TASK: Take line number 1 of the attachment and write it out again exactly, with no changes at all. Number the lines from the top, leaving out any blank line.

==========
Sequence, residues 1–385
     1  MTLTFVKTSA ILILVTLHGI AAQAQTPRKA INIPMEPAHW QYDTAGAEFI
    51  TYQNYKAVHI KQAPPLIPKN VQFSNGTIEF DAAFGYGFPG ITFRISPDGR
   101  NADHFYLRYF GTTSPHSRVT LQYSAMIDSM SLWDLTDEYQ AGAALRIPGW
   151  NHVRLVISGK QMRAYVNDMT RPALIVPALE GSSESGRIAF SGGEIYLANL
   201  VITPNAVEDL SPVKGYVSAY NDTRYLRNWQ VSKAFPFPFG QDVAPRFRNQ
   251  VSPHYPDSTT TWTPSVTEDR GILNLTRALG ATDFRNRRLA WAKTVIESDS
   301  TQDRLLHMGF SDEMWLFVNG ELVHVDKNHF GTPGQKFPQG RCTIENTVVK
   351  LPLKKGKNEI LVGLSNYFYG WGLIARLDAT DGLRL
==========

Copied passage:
Sequence, residues 1–385